This afternoon I sat in an old country church with my twelve year-old grandson, Cameron. Mom and Dad are out-of-town so they asked me to take him to the memorial service for the father of his classmate and hockey teammate. We arrived at the 150-year old white church almost 25 minutes early thinking we would be too early. As we approached the church, we had to slow down; cars on both sides lined the narrow road. People were walking quickly to get closer to the warmth. It was only 20 degrees and the wind was biting. There were few trees and no buildings to block the wind and drifts from blowing snow made the road even more treacherous.
We stood in line outside the church for what seemed an eternity. The cold was unforgiving. I dressed warmly but Cam not so much. It’s hard to convince a 12-year old to dress appropriately. Understandably, he refused the offer of my bright red scarf and gloves. Instead, we huddled together while we waited. My guess is the church probably accommodates about 200 people comfortably. Today, though, there were what looked like almost 500 people trying to enter the warm, sacred space. I couldn’t help but notice how many young adults and small children attended this memorial service. It didn’t seem right to me.
Cam’s friend, Alec, is the middle child of three; he has an older sister who is 13 or 14 and a younger sister who looked about 9. There were no calling hours. Alec’s dad took his own life tragically earlier this week. No matter the circumstances, I am never able to comprehend the depth of despair people must feel to make such a choice.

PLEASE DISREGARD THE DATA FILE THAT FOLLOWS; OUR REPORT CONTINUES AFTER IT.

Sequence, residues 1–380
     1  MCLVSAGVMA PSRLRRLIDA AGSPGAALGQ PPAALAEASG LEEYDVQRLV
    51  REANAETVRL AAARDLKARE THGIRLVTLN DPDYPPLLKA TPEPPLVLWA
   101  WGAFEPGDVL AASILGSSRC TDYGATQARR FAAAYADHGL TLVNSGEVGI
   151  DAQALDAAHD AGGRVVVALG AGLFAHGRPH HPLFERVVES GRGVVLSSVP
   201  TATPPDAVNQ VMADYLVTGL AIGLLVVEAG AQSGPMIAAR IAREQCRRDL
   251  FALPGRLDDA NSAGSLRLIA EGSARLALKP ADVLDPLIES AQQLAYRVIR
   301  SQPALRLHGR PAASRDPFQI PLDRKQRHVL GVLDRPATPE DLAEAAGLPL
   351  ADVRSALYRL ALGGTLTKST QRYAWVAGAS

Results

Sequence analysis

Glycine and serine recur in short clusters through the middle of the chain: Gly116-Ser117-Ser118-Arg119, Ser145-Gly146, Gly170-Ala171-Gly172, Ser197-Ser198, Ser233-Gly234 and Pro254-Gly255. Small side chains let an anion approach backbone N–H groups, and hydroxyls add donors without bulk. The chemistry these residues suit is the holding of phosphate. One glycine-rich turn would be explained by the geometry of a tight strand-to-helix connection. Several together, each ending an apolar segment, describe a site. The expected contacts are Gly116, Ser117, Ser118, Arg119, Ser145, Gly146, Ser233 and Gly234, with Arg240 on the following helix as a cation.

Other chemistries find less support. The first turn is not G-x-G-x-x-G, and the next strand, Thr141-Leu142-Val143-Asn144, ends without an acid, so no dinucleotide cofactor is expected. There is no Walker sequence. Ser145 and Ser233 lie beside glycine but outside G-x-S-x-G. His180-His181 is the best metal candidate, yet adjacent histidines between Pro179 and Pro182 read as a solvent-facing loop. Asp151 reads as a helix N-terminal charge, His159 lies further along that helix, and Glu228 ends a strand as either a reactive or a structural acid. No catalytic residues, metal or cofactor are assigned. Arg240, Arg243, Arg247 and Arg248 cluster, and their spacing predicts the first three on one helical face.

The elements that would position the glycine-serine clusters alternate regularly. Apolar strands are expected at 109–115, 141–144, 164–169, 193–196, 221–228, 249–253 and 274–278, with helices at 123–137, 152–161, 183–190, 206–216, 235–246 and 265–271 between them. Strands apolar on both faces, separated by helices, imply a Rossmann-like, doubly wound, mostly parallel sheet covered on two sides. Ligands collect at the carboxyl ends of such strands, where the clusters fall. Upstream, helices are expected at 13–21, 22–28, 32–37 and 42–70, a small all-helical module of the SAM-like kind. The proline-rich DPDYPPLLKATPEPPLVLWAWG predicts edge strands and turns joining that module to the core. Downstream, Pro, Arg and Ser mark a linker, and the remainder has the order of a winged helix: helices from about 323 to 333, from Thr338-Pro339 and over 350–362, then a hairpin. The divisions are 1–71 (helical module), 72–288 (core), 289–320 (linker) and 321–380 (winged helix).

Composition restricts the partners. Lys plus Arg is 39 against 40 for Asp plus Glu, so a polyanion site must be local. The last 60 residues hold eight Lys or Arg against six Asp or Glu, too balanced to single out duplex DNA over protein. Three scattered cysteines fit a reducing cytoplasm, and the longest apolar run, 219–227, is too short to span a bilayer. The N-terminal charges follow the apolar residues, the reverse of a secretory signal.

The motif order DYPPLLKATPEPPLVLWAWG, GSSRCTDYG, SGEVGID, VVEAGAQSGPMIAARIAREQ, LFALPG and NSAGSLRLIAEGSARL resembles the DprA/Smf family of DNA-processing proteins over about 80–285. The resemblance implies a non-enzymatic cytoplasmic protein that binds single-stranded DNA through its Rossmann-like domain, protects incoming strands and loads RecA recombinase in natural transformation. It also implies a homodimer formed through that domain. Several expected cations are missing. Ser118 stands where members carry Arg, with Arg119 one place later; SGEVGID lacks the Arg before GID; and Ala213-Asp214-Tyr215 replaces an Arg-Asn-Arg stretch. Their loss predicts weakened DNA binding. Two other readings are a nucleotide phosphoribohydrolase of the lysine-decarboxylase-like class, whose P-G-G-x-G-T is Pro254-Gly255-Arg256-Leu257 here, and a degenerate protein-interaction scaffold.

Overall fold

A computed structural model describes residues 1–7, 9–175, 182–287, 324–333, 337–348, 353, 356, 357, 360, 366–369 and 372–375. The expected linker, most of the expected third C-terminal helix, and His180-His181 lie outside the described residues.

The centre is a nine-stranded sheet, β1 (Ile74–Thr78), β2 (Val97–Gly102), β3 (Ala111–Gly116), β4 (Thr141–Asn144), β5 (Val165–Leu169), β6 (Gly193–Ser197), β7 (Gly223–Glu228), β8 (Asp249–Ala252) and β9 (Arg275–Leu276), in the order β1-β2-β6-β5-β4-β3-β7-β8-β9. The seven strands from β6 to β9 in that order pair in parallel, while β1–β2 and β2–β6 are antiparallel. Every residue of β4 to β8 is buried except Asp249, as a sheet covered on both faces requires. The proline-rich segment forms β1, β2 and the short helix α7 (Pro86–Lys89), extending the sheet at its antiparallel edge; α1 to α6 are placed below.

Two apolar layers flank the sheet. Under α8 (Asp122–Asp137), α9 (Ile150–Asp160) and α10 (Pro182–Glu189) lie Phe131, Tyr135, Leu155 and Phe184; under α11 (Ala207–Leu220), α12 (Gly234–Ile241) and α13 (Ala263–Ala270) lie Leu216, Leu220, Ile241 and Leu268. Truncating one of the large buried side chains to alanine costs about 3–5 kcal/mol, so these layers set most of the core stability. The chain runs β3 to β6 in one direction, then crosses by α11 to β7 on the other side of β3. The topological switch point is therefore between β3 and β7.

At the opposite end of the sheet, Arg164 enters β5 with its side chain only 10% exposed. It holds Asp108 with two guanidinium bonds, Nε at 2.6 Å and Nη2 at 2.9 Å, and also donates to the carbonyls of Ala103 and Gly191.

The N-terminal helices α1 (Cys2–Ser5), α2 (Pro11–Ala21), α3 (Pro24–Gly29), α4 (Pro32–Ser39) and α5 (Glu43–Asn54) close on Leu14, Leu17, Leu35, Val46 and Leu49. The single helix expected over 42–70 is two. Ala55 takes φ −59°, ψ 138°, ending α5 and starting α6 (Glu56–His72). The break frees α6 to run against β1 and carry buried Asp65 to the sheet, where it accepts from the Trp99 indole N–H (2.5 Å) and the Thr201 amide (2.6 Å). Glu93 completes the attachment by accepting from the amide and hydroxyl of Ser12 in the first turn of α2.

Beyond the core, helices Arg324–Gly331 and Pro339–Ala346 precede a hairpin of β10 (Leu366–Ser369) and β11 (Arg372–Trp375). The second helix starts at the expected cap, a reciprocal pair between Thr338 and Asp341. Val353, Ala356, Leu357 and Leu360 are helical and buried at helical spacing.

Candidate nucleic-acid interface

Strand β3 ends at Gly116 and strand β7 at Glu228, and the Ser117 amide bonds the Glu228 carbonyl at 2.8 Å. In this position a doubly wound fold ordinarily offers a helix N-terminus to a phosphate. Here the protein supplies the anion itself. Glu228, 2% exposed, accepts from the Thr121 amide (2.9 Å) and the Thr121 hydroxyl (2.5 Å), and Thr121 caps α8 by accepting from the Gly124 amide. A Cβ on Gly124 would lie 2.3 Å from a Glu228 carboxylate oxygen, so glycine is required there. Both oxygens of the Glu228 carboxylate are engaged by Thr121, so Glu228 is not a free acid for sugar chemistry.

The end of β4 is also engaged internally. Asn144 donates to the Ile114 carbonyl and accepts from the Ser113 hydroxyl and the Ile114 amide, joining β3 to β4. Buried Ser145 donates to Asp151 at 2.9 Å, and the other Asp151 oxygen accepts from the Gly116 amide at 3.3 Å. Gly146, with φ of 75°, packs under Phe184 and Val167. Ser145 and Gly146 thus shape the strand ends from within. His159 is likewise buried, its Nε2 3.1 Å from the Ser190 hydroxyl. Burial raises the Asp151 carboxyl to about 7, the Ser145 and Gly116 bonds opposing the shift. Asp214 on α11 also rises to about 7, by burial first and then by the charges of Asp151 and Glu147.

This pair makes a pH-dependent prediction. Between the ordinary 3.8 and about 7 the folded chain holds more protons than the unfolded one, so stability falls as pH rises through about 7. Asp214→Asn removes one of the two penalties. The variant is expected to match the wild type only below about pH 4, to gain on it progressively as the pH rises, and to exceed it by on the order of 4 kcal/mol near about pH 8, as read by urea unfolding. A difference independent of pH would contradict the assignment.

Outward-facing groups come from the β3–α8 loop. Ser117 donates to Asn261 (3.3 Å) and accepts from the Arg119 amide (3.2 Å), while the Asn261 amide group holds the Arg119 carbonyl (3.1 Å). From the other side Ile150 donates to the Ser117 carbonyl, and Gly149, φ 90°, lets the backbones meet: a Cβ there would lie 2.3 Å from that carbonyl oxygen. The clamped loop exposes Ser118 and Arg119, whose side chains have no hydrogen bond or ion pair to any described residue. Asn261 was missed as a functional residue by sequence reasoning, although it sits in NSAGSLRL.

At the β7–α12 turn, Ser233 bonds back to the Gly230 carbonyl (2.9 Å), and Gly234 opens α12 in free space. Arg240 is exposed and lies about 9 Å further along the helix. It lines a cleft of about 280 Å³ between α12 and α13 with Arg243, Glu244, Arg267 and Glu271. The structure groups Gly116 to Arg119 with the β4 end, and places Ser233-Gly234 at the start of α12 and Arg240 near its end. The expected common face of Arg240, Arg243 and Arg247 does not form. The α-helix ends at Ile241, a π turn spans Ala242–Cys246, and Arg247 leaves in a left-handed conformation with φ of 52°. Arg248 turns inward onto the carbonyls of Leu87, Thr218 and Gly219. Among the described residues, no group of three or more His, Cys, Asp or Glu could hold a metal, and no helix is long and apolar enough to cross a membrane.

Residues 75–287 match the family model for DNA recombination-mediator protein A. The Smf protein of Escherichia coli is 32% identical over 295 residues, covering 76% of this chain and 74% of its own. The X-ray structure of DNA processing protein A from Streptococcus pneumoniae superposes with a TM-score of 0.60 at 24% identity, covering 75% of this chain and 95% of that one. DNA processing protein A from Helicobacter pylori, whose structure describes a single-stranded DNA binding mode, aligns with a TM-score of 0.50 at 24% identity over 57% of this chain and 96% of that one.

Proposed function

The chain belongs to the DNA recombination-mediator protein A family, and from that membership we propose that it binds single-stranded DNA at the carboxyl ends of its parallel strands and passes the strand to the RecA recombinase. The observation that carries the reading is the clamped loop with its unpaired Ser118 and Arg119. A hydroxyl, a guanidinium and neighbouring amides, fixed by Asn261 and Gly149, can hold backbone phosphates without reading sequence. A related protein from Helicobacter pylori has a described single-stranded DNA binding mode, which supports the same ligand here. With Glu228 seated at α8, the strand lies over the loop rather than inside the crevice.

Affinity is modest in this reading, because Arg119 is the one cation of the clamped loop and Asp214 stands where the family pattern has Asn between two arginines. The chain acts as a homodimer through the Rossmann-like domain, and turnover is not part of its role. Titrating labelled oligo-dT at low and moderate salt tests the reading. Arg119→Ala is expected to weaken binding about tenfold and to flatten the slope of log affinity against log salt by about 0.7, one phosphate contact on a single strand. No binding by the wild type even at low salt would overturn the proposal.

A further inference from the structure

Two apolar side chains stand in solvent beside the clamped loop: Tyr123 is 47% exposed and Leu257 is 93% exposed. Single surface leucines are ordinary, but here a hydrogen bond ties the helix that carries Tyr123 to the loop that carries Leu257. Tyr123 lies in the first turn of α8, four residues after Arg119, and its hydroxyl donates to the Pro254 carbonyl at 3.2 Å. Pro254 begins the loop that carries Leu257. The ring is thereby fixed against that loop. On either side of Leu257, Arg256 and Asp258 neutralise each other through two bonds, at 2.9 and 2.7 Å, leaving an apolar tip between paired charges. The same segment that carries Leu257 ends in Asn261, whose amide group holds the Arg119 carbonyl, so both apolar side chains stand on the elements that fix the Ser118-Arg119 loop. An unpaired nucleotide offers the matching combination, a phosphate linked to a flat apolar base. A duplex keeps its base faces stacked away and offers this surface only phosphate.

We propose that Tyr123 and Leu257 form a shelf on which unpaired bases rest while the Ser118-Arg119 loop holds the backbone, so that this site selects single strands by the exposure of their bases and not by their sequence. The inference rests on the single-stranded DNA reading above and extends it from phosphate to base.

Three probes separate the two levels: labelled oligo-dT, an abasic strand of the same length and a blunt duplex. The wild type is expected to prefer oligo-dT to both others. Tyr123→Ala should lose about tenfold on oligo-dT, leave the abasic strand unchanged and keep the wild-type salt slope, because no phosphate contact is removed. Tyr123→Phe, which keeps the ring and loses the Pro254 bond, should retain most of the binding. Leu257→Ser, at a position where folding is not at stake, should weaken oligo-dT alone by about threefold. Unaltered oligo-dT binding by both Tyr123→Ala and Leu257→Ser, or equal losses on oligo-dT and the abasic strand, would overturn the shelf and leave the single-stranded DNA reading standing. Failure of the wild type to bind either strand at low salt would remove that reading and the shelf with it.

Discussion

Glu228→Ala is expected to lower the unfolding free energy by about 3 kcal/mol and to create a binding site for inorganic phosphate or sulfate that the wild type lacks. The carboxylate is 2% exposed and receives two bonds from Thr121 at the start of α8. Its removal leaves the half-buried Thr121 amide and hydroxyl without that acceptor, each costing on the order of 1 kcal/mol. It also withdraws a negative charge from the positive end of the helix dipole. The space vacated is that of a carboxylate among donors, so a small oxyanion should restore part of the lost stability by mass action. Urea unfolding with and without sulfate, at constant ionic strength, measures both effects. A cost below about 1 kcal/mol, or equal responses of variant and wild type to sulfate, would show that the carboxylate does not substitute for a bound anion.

His oldest daughter selected Robert Frost’s memorable poem as a reading:
Nature’s first green is gold
Her hardest hue to hold.
Her early leaf’s a flower;
But only so an hour.
Then leaf subsides to leaf.
So Eden sank to grief,
So dawn goes down to day.
Nothing gold can stay.
After the poem, “Hey Jude,” by the Beatles played, a special song shared by father and daughter.
Biblical readings followed and eulogies were given. We sang “Amazing Grace,” and “Hymn of Promise.” The closing song was a beautiful Irish blessing to the tune of “O Danny Boy,” entitled, “O Loving God.” It was a reverent and gentle way to put closure to this man’s absolute despair. There were three special moments for me during all of this.
The first was the sound of an old clock during the homily. I looked around at all the children who sat quietly not uttering a sound, their little faces serious and reverent. The second was near the end of the homily when the Pastor said, “whenever darkness and light meet, light always wins.” It really resonated with me. The third and most touching moment was after the service. The ushers asked those of us who were in the temporary front seats to move to the sacristy area so the family could leave first. Cam and I walked to the back and waited. First came Mr. R’s parents and then his children and their mom. Although there was no formal receiving line, I extended my hand to offer condolences to the parents and family. Suddenly Alec saw Cam and a big smile crossed his face. He came right up and the two of them were face to face in what felt like slow motion. Alec started to raise his arms to embrace Cam but the awkward moment passed. Cam stood there sheepishly. They said “hi” to one another. Alec said he was glad Cam was there. Cam said, “this is my grandmother.” And there it was. A beautiful moment, a moment I want to record for Cam.
We drove home along the shore of Lake Ontario. The sky to our left, over the lake was dark and foreboding. To our right, blue patches and brilliant sunshine peeked through the disseminating clouds. Cam and I talked about it and about a lot of other things too. We talked for a good long time. I thought about the Pastor’s words, “whenever darkness and light meet, light always wins.” He was right.